Benson's father' HoF induction


#10 Valvoline Pontiac driver Johnny Benson isn't going to arrive at Richmond International Raceway until early Friday morning. Instead of going to the track on Thursday as he does most weekends on the NASCAR Winston Cup circuit, Benson will make a whirlwind visit to his hometown of Grand Rapids where he will watch his father John Benson's induction into the 45-member Grand Rapids Sports Hall of Fame on Thursday night. Benson plans to fly to Richmond on Friday when practice and qualifying begin for Saturday night's 400-lap race.

The elder Benson enjoyed a long racing career and posted more than 75 victories including 1966 National Supermodified Championship in Oswego, N.Y. - the "crown jewel" of the modified series at the time. He also started and continues to operate Benson Speed Equipment in Grand Rapids. Benson ran only one Winston Cup race in his career preferring local racing that didn't involve the travel commitments or time away from the family.

The younger Benson followed in his father's footsteps working in the race shop selling parts and even welding. By the time he was 19 years old it was time for him to replace Dad as the family racer and he began working his way through late models earning track championships. He went on to the American Speed Association where he won the rookie of the year award in 1990 and the championship in 1993. He went to NASCAR where he won rookie of the year titles in Winston Cup and the Busch Series as well as Busch title in 1995.

Today the 64-year old Benson works in his race shop during the week and spends weekend watching his son race in NASCAR. Joining Benson in the 2001 class include two-time world boxing champion Roger Mayweather, former baseball pitcher Dave Rozema plus three other local sports figures.

Benson Notes:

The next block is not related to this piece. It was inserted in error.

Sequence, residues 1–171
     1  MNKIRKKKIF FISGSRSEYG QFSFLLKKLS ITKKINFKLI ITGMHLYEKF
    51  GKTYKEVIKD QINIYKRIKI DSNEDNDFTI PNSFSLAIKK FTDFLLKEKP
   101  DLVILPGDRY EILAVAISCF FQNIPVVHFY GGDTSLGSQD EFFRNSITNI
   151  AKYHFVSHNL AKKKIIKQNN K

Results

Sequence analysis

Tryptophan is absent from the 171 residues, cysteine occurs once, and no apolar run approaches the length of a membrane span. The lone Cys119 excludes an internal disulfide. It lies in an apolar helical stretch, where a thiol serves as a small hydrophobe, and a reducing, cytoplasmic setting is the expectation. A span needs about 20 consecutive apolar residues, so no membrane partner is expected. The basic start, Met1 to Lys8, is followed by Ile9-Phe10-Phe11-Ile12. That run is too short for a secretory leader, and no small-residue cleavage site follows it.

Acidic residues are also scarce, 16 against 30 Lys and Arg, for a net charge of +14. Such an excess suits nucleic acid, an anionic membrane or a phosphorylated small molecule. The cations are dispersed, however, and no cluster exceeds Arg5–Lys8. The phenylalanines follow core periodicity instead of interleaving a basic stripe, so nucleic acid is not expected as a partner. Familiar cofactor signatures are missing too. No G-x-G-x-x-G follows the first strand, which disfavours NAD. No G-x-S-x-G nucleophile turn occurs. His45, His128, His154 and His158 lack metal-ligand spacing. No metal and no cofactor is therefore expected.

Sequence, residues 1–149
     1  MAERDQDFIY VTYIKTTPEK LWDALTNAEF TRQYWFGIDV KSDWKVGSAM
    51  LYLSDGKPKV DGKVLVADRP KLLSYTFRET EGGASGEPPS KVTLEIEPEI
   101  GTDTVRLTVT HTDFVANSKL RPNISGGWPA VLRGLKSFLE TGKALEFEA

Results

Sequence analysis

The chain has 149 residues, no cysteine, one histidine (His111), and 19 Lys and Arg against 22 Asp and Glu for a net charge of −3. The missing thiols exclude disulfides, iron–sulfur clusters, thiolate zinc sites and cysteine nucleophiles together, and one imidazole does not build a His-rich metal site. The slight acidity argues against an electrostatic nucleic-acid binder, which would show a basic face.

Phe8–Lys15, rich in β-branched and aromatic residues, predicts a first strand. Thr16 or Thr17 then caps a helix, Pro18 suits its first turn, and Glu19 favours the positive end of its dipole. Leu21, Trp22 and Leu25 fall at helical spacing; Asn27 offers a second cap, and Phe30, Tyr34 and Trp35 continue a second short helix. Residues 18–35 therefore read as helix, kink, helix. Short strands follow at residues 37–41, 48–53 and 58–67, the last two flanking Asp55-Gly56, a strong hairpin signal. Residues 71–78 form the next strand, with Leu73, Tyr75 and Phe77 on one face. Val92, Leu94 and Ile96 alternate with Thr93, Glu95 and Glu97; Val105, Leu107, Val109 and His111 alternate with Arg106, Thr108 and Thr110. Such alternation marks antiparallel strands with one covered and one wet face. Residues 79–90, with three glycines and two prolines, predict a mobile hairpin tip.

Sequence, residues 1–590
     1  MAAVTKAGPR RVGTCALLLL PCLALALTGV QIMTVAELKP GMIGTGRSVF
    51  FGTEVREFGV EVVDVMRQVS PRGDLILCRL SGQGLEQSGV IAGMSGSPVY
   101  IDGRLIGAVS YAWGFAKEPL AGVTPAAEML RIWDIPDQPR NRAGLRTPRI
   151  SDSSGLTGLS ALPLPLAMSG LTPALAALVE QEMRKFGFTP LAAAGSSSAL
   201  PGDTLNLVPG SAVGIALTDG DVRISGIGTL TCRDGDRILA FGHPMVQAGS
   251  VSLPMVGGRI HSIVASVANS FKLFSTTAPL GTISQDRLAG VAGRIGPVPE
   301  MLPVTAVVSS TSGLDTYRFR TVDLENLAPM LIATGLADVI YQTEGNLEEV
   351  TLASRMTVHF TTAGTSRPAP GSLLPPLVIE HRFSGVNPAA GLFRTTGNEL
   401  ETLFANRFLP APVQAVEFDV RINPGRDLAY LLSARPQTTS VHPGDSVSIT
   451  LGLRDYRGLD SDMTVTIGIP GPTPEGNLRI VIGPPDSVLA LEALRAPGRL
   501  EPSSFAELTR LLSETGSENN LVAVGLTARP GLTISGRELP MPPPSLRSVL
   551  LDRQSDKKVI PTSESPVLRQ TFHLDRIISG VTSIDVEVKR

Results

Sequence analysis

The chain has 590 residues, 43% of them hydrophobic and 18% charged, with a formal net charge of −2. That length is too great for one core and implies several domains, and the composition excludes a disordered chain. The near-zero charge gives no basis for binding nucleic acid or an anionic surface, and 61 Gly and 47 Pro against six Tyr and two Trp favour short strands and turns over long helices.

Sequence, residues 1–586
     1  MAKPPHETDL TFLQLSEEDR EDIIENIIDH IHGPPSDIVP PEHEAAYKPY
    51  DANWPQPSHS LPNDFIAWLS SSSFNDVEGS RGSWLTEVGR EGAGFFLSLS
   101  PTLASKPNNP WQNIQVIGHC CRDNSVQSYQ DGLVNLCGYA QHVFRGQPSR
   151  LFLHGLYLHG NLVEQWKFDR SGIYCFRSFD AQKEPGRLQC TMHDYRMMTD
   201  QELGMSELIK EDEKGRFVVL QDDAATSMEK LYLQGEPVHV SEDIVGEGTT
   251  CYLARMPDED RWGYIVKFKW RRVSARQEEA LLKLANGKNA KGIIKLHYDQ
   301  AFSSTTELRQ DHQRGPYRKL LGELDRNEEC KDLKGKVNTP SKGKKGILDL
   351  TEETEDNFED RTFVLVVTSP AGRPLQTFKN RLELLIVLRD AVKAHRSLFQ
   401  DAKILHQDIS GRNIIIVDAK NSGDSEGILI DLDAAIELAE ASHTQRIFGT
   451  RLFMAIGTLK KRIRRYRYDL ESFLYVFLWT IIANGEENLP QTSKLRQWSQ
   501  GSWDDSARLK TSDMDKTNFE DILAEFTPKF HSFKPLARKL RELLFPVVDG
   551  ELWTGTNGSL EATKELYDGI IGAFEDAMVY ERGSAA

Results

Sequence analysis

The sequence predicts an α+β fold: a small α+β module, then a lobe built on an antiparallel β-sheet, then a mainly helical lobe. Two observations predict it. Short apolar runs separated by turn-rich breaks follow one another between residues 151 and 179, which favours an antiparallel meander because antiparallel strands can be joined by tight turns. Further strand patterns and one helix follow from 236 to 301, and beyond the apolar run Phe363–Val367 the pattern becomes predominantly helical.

* He has posted 10 top-10 finishes in 2001. He has scored four top-10 finishes in his 11 races at Richmond with his best being a sixth-place finish in May. He finished seventh in this race one year ago.

Dad's Hall of Fame Induction:

"I think its pretty cool that my Dad's being recognized in the Grand Rapids area for doing a lot to promote racing. You know he has raced up there for a lot of years and has a lot of fan support. I laugh, because he still has a ton of fan support even today. He signs as many autographs as I do when I go back up there. It's going be a pretty neat deal for me and everyone else and I'm sure it's going to be a neat deal for my Dad."

Benson Comparing His Career To His Father's:

"The difference between what he has done and what I am doing is that what I have done has been in the eye of the public a lot more than his stuff. He has done the same things as far as winning track championships and all that. It's just that he didn't want to do the travel thing. He wanted to say in town and raise his family. He ran Winston Cup once and that was enough for him. He had a chance to run Indy cars and didn't want to do it. He's had a lot of opportunities that a lot of drivers don't get but he decided it was best to stay home, live a normal life and stay involved in racing. I chose to take a different route than he did. I wouldn't change it and I don't think he would do anything different if he had a chance to do everything over again."

John Benson Sr.:

"If I would have made racing a full-time job, I could have made a living out of it. But I wanted to be home and watch the kids grow up, and I didn't care about traveling all over to tracks after working all week for 44 years with the railroad. Most of the good drivers running in NASCAR today don't do it for the money. They do it for the competition; to prove they can run with the best of them. That was why I drove. I didn't race for money, and I didn't care to go big-time. I just enjoyed the local racing and the fun of it."

Benson On Richmond:

"I like Richmond. If somebody were going to build a new track I wish they would build it like Richmond. Most of us like tracks like Richmond because you can race hard, beat and bang just a little, not have to worry about staying in or keeping up with the draft. If you can get your car handling right and you have a good motor then you are going to the front.

-Team Valvoline

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Series NASCAR Cup , Stock car
Drivers Johnny Benson